4Al(s) + 3O2(g) —> 2Al2O3(s)

  • Silicon forms silicon dioxide by slowly reacting with oxygen.

Si(s) + O2(g) —> SiO2(s)

  • Phosphorus reacts with oxygen to form phosphorus oxide. Phosphorus burns with a yellow or white flame.

4P(s) + 5O2(g) —> P4O10(s)

  • Sulfur burns with a blue flame to form sulfur dioxide gas. Further oxidation of sulfur dioxide gives sulfur trioxide.
  • Chlorine and Argon do not react with oxygen.

Group II elements

Down the group, the thermal stability of metal carbonates and metal nitrates of group II increases. As the size of the cation increases, its polarising power decreases. The upper cation (smaller) can polarise the carbonate anion or nitrate anion more. So they decompose at low temperatures and in less time.

The solubility of group II sulphates decreases down the group as the enthalpy change of solution is getting endothermic.

Enthalpy change = Enthalpy change — Enthalpy change

Of solution                                   of hydration                           of lattice energy

Size of cation increases down the group. So enthalpy change of hydration and enthalpy change of lattice decrease. But the decrease in enthalpy change of hydration is more than the decrease in enthalpy change of lattice. So enthalpy change of solution is getting endothermic. Solubilities decrease.

The solubility of group II hydroxides increase down the group as enthalpy change of solution is getting exothermic.

Enthalpy change of solution = Enthalpy change of hydration — Enthalpy change of lattice energy

Size of cation increases down the group. So enthalpy change of hydration and enthalpy change of lattice decrease. But the decrease in enthalpy change of lattice is more than the decrease in enthalpy change of hydration. So enthalpy change of solution is getting exothermic. Solubilities increase.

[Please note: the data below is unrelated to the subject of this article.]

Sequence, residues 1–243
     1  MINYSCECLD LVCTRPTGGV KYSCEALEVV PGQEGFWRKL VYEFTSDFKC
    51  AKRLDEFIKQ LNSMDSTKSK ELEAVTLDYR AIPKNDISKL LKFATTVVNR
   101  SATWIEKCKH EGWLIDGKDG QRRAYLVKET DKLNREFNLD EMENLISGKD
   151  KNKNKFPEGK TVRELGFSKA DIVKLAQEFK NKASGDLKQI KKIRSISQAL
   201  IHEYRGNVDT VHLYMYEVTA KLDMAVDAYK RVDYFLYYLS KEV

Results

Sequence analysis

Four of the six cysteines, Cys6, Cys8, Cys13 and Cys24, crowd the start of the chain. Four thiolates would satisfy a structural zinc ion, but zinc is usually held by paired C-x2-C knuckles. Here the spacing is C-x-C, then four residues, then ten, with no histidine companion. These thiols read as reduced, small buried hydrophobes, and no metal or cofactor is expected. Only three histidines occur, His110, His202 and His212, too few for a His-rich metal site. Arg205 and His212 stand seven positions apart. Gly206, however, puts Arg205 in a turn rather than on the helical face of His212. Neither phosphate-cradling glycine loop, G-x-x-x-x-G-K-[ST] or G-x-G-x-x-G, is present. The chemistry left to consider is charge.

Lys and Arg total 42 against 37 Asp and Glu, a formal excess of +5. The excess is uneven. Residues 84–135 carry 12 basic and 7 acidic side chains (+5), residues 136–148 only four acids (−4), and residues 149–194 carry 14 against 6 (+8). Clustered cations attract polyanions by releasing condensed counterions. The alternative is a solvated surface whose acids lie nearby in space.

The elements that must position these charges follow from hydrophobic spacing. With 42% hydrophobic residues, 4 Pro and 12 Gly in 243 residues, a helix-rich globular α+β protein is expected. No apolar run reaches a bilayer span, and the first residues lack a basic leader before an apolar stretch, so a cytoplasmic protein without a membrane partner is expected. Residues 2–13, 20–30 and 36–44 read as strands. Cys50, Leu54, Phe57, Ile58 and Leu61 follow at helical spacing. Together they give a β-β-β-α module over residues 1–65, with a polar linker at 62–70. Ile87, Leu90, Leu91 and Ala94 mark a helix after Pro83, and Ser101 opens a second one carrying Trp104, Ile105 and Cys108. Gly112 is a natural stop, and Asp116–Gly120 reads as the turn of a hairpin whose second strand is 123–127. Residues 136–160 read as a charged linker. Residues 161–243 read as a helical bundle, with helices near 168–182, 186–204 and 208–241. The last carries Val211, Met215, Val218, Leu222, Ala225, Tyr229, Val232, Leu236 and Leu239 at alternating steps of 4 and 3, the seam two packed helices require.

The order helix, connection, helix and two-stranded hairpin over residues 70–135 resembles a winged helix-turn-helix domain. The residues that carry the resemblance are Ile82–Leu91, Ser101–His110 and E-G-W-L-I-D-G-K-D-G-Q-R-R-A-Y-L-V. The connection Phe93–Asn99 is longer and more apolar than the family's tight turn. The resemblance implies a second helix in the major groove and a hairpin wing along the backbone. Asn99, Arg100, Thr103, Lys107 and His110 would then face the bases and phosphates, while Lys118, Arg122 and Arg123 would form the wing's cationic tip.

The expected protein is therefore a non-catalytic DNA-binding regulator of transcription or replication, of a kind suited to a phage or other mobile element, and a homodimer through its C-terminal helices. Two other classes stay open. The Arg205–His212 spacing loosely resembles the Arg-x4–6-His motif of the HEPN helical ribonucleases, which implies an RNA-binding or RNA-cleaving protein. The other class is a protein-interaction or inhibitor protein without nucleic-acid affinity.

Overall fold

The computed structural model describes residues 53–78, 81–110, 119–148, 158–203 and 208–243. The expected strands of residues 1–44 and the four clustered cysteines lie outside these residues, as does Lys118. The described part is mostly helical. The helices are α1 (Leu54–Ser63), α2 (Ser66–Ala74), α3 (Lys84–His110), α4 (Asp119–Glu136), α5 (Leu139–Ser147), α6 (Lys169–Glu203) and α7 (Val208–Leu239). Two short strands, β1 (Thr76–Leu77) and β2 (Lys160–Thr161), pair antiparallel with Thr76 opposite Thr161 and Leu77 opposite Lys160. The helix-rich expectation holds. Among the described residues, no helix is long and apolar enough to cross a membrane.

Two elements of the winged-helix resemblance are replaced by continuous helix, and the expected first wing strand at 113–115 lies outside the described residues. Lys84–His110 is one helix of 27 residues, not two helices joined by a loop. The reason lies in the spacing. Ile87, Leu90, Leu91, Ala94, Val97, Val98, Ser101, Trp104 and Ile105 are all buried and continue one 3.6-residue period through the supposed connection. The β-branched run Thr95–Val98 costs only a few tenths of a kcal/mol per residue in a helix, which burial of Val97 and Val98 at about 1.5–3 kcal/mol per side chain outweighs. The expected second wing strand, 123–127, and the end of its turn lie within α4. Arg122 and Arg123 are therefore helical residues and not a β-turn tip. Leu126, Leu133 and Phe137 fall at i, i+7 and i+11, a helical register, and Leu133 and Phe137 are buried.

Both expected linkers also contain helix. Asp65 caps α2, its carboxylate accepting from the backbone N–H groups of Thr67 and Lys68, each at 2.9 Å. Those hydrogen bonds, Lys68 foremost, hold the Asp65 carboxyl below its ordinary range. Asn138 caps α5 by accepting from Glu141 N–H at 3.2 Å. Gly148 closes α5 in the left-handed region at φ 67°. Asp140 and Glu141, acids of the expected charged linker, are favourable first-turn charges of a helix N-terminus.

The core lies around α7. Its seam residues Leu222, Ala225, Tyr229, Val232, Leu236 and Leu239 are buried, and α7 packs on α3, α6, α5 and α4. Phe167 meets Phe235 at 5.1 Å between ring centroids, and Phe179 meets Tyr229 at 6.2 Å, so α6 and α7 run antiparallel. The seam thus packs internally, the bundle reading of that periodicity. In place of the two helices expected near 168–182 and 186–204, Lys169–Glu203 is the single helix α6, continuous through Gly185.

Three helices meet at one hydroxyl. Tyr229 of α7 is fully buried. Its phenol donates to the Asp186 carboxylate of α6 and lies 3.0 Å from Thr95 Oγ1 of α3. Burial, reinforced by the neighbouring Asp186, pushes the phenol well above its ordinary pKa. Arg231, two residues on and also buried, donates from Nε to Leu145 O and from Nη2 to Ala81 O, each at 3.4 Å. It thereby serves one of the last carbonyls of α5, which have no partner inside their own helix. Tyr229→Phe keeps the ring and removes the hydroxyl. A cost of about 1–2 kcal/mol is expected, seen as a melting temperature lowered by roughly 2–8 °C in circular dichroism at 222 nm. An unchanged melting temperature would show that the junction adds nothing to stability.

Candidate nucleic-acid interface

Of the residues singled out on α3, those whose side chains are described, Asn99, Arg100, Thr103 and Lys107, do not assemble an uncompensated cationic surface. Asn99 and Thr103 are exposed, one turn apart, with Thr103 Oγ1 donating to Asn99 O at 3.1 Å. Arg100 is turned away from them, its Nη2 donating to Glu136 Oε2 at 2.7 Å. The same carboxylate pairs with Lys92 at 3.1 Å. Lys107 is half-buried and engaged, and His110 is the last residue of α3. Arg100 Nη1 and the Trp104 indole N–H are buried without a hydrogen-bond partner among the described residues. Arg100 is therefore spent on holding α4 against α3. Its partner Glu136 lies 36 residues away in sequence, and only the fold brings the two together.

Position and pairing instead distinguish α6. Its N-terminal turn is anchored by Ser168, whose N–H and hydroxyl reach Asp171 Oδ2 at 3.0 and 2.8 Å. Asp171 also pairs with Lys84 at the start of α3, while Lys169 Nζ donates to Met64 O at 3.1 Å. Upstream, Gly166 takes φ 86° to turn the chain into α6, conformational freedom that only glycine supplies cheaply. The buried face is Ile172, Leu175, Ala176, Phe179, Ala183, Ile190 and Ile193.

Entropy

Entropy is the measure of the degree of disorder of particles, energy or electrons in a system at that particular temperature.

Entropy or elements in a gaseous state is more than the elements which are in a liquid state. The entropy of elements in a liquid state is more than the elements which are in a solid state.

Transition elements

Transition elements are d-block elements that make at least one ion with partly filled d-orbital. Transition elements have variable oxidation states as 4s and 3d sub-shells have very close energy levels. So 4s, as well as 3d electrons are involved in bonding.

  • +1 charge is only shown by copper
  • All transition elements show +2 charge except scandium.
  • All transition elements show +3 charge except zinc. Transition elements are d-block elements that make at least one ion with partly filled d-orbital. Scandium and zinc are not transition elements as they do not make ions with partly filled d-orbital.

Transition metal elements form coloured compounds as they have variable oxidation states.

Group 17 elements

Group 17 elements are called halogens. Halogens have seven valence electrons. They exist as diatomic molecules. Their melting and boiling points increase down the group as the temporary dipole-induced dipole forces increase down the group due to the increase in the number of electrons. The colours of the group 17 elements get darker down the group. Reactivity of halogens decreases down the group.